In Cage’s works during the 1950s and after, regardless of compositions or writings, he applied all those theories from Zen and I Ching to interpret his understanding of “Nothingness” and “Emptiness”. For example, in the Lecture of Nothing, Cage indicated that “nothing” is the poetry he needed; in the Lecture of Something, he expanded the meaning of “no-continuity”, which he emphasizing the music itself as the core, composers can not force their intention on sounds; in both lectures, he left the space to interpret the connection of silence and structure; In his composition, he used chart systems, the Point-drawing systems, the coin tosses to determine how his music goes, and later he also used indeterminacy to present the art. For example, the piece 0’00”, which was subtitled 4’33” No.2, was instructed as “solo to be performed in any way by anyone”. All of those means were his practice of the doctrines from Zen and the uses of I Ching.

In conclusion, Eastern philosophy and aesthetics constantly influenced Cage and finally completed his transfer from creating to discovering. As Christopher Shultis summed up at the end of the book, “a shared direction away from compositional and toward non-intention, where ‘something’ and ‘nothing’ are unopposed … Cage eventually moved away from syntactically controlled meaning altogether, and language became, like music, just sounds”. From prepared piano to chance music, as the organizer of sound, Cage’s perceptions and standpoint are opposing to each other in his two intentions. In the process of preparing piano, Cage sets off from himself, attempting to affect the sounds through certain intentions. This is the active intention. On the contrary, in the chance music, sound itself became the main character, and people were affected by sound. This is the passive intention. Through this intention, the relationship between humans and music shifts more to a natural way. This ideological shift was exactly the result of an understanding of Zen. At the same time, I also consider there must be universally applicable principles between these two intentions. As I stated earlier in this passage, Cage switched the existing percussion sound to the piano by preparing the piano, and in chance music, Cage led the existing sound catch with the audience in a limited timing by chance. Face to the existing sound, the former one preferred action, while the latter preferred inaction. John Cage discovered and applied “Emptiness” and “Nothingness” as his credo, throughout the process, he gradually obtained the “Tranquillity” in his music and life.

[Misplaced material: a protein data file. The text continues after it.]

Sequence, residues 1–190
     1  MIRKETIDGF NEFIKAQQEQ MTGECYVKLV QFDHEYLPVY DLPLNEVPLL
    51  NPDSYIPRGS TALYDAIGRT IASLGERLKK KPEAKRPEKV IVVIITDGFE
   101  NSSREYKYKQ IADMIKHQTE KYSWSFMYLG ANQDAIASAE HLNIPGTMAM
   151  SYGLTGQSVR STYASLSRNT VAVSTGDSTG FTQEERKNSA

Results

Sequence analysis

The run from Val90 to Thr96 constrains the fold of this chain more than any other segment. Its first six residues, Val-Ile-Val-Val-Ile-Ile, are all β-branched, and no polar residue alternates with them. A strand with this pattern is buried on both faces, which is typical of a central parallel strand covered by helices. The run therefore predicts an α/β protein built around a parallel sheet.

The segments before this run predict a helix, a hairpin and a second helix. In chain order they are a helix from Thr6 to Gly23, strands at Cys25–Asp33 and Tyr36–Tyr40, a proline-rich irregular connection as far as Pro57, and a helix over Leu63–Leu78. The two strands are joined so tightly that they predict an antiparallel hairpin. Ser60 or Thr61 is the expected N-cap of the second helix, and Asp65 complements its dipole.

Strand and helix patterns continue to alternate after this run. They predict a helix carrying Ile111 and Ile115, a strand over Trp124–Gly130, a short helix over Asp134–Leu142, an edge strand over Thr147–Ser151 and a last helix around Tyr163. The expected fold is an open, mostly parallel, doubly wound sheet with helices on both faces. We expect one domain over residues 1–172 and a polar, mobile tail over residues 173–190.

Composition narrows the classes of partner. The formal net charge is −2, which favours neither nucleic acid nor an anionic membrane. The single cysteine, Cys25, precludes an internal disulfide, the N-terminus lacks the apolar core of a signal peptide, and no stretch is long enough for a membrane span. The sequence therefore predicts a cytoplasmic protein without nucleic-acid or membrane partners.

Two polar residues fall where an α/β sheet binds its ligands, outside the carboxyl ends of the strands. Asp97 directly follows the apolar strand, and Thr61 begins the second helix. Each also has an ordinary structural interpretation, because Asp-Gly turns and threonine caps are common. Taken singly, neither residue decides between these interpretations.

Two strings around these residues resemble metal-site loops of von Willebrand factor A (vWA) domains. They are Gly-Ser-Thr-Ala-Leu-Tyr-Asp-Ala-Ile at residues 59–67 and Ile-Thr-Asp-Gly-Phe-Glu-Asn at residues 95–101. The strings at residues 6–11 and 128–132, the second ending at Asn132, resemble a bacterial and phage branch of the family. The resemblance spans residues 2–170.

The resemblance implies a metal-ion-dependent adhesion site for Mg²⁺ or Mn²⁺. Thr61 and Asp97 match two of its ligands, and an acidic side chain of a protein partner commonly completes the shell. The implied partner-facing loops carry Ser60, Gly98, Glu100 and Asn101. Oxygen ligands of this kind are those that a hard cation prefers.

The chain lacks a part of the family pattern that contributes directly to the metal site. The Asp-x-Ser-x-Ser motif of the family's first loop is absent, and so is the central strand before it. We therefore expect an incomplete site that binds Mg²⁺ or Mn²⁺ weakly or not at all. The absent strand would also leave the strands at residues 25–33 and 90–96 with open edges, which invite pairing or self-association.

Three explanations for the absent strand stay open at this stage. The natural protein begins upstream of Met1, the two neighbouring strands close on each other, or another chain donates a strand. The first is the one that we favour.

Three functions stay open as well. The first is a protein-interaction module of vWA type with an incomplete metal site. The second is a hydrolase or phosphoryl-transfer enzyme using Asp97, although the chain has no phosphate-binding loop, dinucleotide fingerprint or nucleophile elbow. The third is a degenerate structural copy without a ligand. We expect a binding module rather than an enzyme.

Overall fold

Works Cited
Cage, John. Silence. 50th Anniversary Edition paperback. Middletown,
Connecticut: Wesleyan University Press, 2013. Print.
Pritchett, James. The Music of John Cage. Cambridge: Press Syndicate of the
University of Cambridge, 1993. Print.
Marion Boyars Inc. For the Birds, John Cage in conversation with Daniel Charles.
Boston/London: Marion Boyars Publishers, 1981. Print.
Shelties, Christopher. Silencing the sounded self. Boston: Northeastern University
Press, 1998. Print.
Patterson, David. John Cage: Music, Philosophy, and Intention, 1933-1950. 2009 ed.
New York/Abingdon: Routledge, 2009. Print.

This article was written during my study at NEC. It discussed how Eastern aesthetics and philosophy influenced John Cage's creativity and discovery in the prepared piano music and chance music. To read more about Cage and his music, please refer to the books listed above.